Cyril talks about hands on training (2:07)

You all do training and you are either provided training like on the job you know or even just sitting down saying to someone this is how you do it and this is how you should do it. This is how you shouldn’t do it. And a lot of safety stuff involved I suppose but... There’s – the best way for Aboriginal people and my experience that I have learnt is just do it. Just sit with someone and just do the practical process rather than a written.

I guess I'm speaking from my own experiences. I guess I’ve learnt a lot of my – I’ve learnt a lot of jobs - just actually getting in there and doing it.  And the written or the theory stuff sort of comes later, it complements I guess what the practical side of it, whereas non-Indigenous training is written more so than oral and as you would know, our history is based on oral history.  Everything we do is based on oral – by word of mouth or by doing.  And it’s a clear sign or indication of the two cultures clashing I guess.  How we marry those two up though is that great expectation that if someone, a non – an Indigenous person is given a piece of paper, would they be able to read – read that piece of paper and understand fully what is expected of ‘em?  And of course if English is your third, fourth, fifth language, which it is in this region, then it’s you know it could be Chinese to them, it could be written in a completely different and mean a completely different thing.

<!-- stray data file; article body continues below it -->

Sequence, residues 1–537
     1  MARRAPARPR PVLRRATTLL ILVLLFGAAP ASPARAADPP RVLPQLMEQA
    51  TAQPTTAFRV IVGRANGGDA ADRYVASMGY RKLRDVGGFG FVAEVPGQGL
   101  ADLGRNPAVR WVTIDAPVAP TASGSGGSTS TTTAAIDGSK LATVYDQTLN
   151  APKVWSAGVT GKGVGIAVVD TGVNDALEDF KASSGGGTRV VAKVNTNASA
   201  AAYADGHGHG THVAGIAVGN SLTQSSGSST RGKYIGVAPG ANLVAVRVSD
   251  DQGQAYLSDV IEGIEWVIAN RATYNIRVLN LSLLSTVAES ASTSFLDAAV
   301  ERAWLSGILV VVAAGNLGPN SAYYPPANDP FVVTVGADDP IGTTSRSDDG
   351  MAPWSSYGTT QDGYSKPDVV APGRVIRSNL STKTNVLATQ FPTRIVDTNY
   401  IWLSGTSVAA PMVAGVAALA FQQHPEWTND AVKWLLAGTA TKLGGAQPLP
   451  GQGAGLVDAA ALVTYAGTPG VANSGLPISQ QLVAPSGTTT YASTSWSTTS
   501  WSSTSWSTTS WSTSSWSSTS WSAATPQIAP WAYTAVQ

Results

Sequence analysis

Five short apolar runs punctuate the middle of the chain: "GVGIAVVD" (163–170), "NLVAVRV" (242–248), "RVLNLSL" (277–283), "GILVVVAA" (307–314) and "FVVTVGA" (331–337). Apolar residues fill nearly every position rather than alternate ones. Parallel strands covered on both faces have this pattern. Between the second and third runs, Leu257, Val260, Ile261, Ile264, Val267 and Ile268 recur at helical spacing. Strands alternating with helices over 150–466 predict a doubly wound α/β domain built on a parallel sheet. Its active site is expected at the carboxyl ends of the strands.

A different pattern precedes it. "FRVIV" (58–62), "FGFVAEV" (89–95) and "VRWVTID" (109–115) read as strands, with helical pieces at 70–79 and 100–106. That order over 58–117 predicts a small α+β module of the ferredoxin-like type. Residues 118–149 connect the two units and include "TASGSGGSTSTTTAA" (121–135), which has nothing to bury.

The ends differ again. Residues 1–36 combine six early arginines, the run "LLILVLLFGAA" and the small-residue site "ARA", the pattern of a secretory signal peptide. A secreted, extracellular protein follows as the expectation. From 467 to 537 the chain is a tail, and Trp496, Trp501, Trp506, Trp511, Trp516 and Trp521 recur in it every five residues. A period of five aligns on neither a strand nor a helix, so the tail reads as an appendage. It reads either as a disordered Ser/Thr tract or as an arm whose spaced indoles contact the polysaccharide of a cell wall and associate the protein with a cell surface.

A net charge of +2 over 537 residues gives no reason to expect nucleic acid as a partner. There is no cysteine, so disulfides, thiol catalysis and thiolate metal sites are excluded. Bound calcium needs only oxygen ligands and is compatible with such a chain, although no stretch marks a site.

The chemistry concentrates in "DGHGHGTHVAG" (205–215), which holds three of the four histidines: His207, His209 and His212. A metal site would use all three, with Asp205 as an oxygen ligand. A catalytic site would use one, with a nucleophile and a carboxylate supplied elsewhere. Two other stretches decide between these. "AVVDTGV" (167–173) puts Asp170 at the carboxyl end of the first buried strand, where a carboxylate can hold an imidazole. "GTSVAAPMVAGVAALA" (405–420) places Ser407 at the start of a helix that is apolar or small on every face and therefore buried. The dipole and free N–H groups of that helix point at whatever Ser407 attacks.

My experience I guess over time has been just that – sitting down, talking to someone either one-on-one or you know pictorially, using pictures.  And people – you know I’m not saying that they’re silly, they are definitely not silly but if you see a picture of something, you know a picture says a thousand words, so it just makes it that little bit more clearer I guesss.